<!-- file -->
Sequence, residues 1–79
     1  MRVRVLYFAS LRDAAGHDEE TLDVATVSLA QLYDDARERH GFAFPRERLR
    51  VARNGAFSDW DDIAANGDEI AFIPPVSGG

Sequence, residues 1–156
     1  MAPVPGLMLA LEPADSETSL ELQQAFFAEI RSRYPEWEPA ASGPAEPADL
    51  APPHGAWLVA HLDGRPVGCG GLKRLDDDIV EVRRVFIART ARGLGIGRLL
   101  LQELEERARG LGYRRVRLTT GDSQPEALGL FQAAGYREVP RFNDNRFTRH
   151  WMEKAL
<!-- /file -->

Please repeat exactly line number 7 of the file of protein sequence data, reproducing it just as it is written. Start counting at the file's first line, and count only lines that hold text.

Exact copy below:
   101  LQELEERARG LGYRRVRLTT GDSQPEALGL FQAAGYREVP RFNDNRFTRH